On Monday, Cyprus Airways announced that travelers would have to wait a little longer for its new weekly Larnaca to Moscow Domodedovo service. The reason? The Federal Air Transport Agency has prohibited the airline from carrying passengers to the Russian Federation. However, the return flight from Moscow to Larnaca is operating as planned.
No disembarking at Domodedovo
Cyprus Airways had scheduled a new service from Cyprus‘ third-largest city to the Russian capital from late November. However, the carrier has withdrawn the sale of tickets on the Larnaca to Moscow route as Rosaviatsia, the Federal Air Transport Agency of Russia, has placed restrictions on the airline.
These state that Cyprus Airways is not allowed to disembark passengers in the Russian Federation. Meanwhile, it is allowed to pick them up, which means that there is no issue with Moscow to Larnaca flights.
“We are extremely disappointed with the discrimination and unfair treatment of the Russian authorities against Cyprus Airways, taking into consideration that two Russian air carriers recently started operations on the route Moscow-Larnaca-Moscow without having similar restrictions by the Russian authorities,” George Mavrocostas, Chief Operations Officer of the airline told the Cyprus Mail on Monday.
Passenger-less inaugural flight
The first Cyprus Airways Larnaca to Moscow flight took place as planned on November 19th, only without passengers. According to Aviaport, passengers on flight CY486 were only told they would not be going to Russia half an hour before departure. The plane took off anyway, and the return operated like any other scheduled commercial service.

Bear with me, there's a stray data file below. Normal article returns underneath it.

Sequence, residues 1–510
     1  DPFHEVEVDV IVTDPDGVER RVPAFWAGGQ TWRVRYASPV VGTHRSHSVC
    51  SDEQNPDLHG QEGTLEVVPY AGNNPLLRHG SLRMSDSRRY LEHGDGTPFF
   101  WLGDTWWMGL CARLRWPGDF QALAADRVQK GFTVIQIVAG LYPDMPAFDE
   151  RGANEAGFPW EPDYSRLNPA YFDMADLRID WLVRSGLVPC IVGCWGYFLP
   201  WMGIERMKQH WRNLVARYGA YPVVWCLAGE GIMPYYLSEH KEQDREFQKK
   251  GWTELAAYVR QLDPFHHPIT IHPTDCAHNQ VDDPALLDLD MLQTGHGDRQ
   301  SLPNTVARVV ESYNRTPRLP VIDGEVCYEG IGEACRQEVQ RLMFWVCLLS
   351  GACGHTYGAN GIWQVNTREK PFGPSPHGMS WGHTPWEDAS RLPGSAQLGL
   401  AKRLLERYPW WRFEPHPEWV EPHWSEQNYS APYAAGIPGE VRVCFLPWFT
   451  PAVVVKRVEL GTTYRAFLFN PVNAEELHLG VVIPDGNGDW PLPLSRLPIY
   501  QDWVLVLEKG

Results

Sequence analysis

Citing unequal treatment
Cyprus Airways is hoping that the Cypriotic government may intervene, as it says the decision of Rosaviatsia is violating equal treatment for carriers according to bilateral air service agreements. The two Russian carriers Mr Mavrocostas referred to in his statement above to are the Russian flag-carrier Aeroflot and its low-cost branch Pobeda.
The reason presented by Rosaviatsia, according to Aviaport, was that Cyprus Airways had failed to provide a list of passengers along with its request for permission to operate the first flight on November 19th.
Cyprus Airways has operated one more service according to the same semi-ghost flight regime on Thursday last week, November 26th. The next one is scheduled for December 3rd.
A fleet of two A319s
The flights between Moscow and Larnaca are operated by one of Cyprus’ Airways’ two Airbus A319-100s, 5B-DCW. Along with its sibling, 5B-DCX, they make up the entirety of the Cyprus Airways fleet. Both aircraft are close to 22 years old and have flown for Northwest Airlines and S7 prior to arriving in Cyprus. The carrier has previously operated flights to Russia, flying from its Larnaca base to St Petersburg.
What do you make of the Russian authority’s passenger ban for Cyprus Airways? Unfair treatment or reasonable precautions during these times? Let us know your thoughts in the comments.